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10 Best Childhood Movies of All Time

Updated May 17, 2017
9 min read

Childhood is a one-time affair but thanks to the movies we can revisit them anytime we want. Cinema depicts childhood – the most glorious time of our lives – in different shades and lights. It offers us an insight into the psyche of raw, uninfluenced minds from all over the world with each experience enriching and thought-provoking. If we are to make a list of all the children’s films ever made it will take years of study, watching films and observation. The list below features some of the most influential films depicting the joy, innocence and in some cases the horrors of childhood. Here is the list of top movies about childhood ever. You can watch some of these best childhood movies on Netflix, Hulu, or Amazon Prime.

10. Forbidden Games (1952)

They say childhood is the most joyous episode in a person’s life but anyone who has survived the two World Wars might have more than one or two things to add to that saying. The French human drama ‘Forbidden Games’ aptly showcases how a child’s imagination can numb the greatest of pains. Two innocent souls – Paulette and Michel – gets caught in the misery of the Second World War in their own fateful ways, become close friends and finds joy in the simplest of things like burying dead animals. It is shown as if they are oblivious to the death around them but in reality, they are unable to come to terms with the death, decay, and destruction around them. So they create a world of their own where they a send off a dead being with a proper burial. Brigitte Fossey (Paulette) and Goerges Poujouly (Michel) were complete naturals in their respective roles and despite their young age, they displayed a deep understanding of the parts they were playing.

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9. Moonrise Kingdom (2012)

Filmmaker Wes Anderson is known for creating Utopian worlds inhabited by childlike characters. Except in this one, the children are not only the protagonists but they also call the shots. Two young lovers (12-year-olds) flee their homes and so their friends accompanied by a few responsible adults forms a search party to find them and to prevent a probable Shakespearean tragedy. Picture perfect landscapes brought alive by excellent cinematography and a feel good background score keeps you entertained throughout. There is everything you expect from a Wes Anderson film – eccentric characters, rose-tinted point of views and an overwhelming sense of assurance. ‘Moonrise Kingdom’ stays with you long after you have finished watching it, somewhere in the sweet corner of your hearts.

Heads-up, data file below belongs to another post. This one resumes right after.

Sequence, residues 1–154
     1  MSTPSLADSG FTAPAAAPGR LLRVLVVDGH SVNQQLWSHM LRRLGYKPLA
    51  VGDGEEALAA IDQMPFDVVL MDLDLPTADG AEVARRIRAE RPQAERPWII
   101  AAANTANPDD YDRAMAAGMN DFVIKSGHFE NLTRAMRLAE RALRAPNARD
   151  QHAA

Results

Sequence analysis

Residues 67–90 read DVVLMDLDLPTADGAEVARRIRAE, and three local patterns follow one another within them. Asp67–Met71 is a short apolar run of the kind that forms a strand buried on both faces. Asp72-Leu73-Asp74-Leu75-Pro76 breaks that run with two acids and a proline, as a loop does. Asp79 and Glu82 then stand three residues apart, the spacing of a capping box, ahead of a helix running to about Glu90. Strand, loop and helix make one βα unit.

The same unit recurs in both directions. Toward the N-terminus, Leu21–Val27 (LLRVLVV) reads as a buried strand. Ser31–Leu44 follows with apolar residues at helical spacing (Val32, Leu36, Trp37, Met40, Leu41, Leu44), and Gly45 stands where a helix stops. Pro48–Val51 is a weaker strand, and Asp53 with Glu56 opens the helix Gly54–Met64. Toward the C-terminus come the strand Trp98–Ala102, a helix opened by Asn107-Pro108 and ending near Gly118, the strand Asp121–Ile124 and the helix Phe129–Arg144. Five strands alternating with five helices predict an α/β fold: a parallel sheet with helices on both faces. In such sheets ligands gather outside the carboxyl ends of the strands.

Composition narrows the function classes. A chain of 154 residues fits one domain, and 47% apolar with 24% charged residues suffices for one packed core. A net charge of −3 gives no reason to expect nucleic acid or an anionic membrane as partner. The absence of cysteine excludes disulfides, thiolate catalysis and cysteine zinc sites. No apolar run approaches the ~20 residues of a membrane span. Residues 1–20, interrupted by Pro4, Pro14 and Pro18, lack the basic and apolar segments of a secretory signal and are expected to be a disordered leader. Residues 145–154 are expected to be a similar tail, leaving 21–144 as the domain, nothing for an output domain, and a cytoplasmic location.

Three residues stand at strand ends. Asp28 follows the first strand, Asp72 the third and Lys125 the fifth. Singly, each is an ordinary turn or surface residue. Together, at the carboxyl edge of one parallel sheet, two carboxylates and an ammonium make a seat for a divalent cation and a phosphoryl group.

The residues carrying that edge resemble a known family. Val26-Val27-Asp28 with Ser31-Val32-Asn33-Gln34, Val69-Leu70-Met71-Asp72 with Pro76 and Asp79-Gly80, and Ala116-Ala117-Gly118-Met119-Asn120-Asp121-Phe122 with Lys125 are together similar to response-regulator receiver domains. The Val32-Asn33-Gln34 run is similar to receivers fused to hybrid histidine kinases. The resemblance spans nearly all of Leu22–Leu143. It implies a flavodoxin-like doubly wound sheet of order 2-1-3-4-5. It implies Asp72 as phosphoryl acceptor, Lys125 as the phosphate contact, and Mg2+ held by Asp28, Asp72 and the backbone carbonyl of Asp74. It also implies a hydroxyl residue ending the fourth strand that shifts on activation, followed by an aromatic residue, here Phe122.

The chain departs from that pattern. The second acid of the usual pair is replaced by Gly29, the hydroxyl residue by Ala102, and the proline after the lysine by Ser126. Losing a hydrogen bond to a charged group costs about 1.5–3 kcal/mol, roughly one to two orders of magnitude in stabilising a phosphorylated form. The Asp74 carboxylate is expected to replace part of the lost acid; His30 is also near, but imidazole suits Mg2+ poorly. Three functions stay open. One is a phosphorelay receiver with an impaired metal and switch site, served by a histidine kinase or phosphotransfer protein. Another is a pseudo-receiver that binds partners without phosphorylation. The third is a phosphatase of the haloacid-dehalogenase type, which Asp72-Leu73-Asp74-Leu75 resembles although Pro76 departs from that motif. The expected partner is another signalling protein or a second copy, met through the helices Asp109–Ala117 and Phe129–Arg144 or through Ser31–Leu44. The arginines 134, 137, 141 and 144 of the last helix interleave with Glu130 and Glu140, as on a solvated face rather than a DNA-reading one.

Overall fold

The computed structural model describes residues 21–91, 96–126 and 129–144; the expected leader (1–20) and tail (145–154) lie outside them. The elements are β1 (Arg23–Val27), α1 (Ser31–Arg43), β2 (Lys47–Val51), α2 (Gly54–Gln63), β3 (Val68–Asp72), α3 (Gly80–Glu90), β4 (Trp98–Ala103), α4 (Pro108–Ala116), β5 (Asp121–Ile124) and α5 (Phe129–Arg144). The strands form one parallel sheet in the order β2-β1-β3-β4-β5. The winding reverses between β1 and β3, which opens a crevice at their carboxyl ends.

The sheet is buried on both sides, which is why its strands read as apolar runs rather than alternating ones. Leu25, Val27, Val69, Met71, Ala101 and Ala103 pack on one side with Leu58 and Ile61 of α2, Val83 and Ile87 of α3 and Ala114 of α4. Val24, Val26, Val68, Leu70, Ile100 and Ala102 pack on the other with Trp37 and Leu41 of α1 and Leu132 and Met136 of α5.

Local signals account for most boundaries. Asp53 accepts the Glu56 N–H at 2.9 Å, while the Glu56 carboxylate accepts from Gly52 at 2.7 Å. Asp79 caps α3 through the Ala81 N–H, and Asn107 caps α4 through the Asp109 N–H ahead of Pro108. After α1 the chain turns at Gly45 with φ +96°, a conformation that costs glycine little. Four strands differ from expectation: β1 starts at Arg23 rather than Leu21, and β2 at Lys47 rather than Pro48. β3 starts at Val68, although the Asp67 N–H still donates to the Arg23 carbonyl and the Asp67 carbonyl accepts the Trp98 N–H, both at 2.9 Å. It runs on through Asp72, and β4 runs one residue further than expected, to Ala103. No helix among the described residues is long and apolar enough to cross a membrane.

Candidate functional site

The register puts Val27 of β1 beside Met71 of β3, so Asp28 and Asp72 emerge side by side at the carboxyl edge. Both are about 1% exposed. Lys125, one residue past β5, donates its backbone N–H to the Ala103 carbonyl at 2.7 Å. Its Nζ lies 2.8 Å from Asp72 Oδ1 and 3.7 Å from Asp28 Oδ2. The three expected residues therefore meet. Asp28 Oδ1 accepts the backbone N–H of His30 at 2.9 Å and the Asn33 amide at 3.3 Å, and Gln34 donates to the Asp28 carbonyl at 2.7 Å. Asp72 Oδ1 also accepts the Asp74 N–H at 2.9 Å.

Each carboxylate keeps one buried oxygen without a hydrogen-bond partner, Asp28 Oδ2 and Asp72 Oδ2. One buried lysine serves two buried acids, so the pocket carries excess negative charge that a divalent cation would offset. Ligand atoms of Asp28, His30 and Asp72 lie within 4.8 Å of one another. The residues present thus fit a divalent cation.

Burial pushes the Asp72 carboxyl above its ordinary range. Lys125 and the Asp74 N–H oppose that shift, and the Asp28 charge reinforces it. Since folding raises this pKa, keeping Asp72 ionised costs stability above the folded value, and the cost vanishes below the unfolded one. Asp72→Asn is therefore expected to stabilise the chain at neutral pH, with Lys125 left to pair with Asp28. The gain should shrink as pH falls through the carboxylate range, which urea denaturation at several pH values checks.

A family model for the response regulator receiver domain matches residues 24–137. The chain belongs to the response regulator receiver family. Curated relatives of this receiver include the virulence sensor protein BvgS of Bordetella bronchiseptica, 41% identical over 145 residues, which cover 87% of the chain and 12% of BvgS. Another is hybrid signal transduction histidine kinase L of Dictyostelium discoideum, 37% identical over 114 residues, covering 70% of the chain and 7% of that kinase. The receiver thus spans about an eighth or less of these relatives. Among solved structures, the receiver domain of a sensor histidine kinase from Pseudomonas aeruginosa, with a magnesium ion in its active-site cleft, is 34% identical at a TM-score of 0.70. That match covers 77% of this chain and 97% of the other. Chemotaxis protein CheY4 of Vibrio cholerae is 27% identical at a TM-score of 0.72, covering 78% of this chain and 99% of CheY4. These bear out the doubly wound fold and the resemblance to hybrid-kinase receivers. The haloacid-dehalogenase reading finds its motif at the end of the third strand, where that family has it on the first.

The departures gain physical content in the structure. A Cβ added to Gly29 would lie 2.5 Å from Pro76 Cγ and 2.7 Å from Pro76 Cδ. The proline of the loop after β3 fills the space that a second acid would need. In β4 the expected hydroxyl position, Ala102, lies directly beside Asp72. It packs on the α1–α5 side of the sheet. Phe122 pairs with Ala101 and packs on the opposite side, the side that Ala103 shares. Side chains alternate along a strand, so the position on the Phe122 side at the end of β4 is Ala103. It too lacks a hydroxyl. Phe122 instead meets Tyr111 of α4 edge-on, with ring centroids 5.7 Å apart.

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8. Willy Wonka and the Chocolate Factory (1971)

The film is a cinematic tribute to every child in the world obsessed with candies, chocolates or anything sweet that will give them a sugar rush. Charlie Bucket, a young boy dream of candies all day and all night but his poor family cannot even afford him what many children his age take for granted. Fate smiles upon him when he chances upon a golden ticket to visit the Willy Wonka’s chocolate factory and a lifetime supply of chocolates as a prize. This once in a lifetime opportunity not only fulfills his heart’s innermost desire but also becomes an experience in caring, sharing, loving and the importance of following set rules in life. If one can watch the film from a wide-eyed child’s point of view it is a fun as well as a learning experience. In a sweet musical way, it even works for the adults. The screenplay was written by Roald Dahl himself – the author on whose book the film is based on.

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7. The Harry Potter Series

What to say about a film series which took the world by storm for over a decade? It is every inquisitive child’s dream come true. A screen adaptation of JK Rowling’s bestselling novel about a young wizard coming to terms with his identity and his adventures along with his friends at Hogwarts School of Witchcraft and Wizardry. Harry Potter is not just a film franchise it is a billion dollar enterprise. Director Chris Columbus did a commendable job of translating the magic onto the screen without losing its essence and flavor. Thanks to the Harry Potter movies, we got to witness the growth of cinematic icons like Daniel Radcliffe, Emma Watson, Rupert Grint and Robert Pattinson.

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6. The Wizard of Oz (1939)

Even after 78 years after its release ‘The Wizard of Oz’ still manages to pack a punch among both minors and adults. The timelessness of the film lies in its depiction of childhood insecurity sans any gloss and sentimentality. It hits a raw nerve every time one re-watches it, with its matter-of-fact narration of a child’s psyche. In a very nonchalant and musical way, the film gives you life lessons on growing up and how to adapt to the challenges that life throws at you. At the center of it all is Judy Garland as Dorothy, who pulls off an innocent yet impactful performance with the help of her amusing co-stars like Glinda: The Good Witch, The Cowardly Lion, Scarecrow and The Tin Man. Here the wizard is just a metaphor for that one reliable person in our life with whom we can share our every whims, fancies, and fears.